Saturday, 2 April 2011

This One Takes the Cake (Literally): My "Books 2 Eat" Entry, pt 1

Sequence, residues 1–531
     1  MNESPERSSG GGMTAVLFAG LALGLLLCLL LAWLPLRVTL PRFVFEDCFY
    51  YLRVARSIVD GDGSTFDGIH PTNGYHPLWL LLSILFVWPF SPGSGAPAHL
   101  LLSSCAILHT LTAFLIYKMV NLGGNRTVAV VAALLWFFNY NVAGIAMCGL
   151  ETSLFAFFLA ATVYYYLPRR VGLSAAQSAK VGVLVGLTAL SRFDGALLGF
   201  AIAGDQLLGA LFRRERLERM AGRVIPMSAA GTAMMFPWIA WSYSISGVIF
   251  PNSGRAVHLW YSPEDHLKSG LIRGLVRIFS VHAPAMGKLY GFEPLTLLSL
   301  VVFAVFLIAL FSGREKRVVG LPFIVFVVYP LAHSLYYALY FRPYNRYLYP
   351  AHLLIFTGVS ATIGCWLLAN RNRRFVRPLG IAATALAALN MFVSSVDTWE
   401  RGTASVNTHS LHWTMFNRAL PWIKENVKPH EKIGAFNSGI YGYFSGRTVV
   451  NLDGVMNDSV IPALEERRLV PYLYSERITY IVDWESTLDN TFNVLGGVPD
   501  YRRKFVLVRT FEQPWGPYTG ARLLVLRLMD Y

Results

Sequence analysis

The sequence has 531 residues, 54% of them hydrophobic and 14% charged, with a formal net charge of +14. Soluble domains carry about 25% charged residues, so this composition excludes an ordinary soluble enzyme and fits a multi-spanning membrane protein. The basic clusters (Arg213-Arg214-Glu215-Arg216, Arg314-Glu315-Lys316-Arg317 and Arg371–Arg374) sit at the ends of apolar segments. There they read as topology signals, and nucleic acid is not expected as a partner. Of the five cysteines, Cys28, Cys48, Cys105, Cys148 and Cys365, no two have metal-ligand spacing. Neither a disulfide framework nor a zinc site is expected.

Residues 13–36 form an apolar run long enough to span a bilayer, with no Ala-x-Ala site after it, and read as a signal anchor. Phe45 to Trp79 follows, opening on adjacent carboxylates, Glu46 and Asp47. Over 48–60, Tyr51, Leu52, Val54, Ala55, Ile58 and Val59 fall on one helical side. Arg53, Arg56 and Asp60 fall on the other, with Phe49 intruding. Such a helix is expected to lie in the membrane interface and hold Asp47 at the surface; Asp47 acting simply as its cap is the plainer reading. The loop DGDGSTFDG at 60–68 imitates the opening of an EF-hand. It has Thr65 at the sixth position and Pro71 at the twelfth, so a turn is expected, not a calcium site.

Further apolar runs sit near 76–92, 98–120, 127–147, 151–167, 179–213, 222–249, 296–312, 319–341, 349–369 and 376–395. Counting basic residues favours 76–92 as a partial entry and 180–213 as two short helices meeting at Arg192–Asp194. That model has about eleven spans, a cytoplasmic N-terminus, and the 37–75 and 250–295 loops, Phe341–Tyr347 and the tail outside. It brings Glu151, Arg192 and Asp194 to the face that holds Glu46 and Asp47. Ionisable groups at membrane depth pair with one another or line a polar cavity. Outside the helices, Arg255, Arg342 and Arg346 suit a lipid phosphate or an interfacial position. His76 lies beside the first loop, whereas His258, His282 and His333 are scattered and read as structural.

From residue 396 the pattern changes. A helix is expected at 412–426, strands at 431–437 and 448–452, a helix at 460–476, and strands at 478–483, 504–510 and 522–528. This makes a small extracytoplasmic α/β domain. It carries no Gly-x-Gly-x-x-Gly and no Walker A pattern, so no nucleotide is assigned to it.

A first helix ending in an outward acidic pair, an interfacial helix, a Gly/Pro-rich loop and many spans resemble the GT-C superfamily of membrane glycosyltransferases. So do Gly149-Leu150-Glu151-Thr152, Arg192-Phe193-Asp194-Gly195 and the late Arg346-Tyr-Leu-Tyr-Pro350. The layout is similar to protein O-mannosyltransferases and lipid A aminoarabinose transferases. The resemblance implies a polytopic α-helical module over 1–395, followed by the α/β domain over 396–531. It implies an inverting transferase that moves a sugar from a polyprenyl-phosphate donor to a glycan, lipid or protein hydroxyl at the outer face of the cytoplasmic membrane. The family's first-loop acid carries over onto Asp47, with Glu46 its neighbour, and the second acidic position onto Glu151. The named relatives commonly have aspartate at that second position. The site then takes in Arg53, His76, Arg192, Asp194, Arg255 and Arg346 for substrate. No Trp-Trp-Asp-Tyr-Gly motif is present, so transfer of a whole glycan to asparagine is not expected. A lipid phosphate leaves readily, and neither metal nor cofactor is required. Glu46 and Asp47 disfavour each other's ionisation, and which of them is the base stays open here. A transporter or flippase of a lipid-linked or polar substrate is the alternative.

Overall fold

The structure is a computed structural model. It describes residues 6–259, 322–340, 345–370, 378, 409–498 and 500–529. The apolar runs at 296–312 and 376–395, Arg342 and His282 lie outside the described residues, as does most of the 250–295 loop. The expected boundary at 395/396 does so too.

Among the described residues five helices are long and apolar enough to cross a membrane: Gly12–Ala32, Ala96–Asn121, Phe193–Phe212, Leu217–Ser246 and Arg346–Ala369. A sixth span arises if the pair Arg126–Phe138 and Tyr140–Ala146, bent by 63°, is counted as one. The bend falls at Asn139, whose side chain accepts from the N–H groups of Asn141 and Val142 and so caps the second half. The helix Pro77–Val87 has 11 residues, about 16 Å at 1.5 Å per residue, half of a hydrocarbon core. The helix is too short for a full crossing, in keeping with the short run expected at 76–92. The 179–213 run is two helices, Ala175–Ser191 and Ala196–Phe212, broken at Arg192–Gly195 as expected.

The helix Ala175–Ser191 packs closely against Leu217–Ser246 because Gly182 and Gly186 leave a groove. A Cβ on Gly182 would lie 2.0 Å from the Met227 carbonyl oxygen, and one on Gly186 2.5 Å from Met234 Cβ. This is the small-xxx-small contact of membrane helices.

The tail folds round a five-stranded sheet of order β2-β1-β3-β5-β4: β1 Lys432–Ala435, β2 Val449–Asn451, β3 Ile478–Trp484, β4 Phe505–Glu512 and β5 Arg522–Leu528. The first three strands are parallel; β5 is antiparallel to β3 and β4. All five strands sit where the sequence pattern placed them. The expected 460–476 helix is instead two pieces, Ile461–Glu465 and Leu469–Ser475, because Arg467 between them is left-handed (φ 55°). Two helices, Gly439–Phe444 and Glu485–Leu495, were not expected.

Some time last week (followed by a subsequent blog post), I read that there was to be an edible book contest which would be taking place in the campus library. After a bit more reading (ironic, eh?), I found out that this was actually an annual international event. And so, in the spirit of culinary challenges, I set off to enter the contest; little did I know how much prep, bake, and execution, work I would be clocking in for this one. After learning that the general theme was the representation of a favourite book in food form, I seemed to quickly settle on replicating the final book of the Harry Potter series. With the foresight of a time turner owner, I made sure to take quite a few photos for this one, and have divided the photo collection and blog posts into three, more readible posts. This first post focuses on the fondant preparation which I had read is best done overnight to 1) save time the next day since it would already be done; and 2) allow the fondant to have ample time to set, both in terms of consistency and colouring.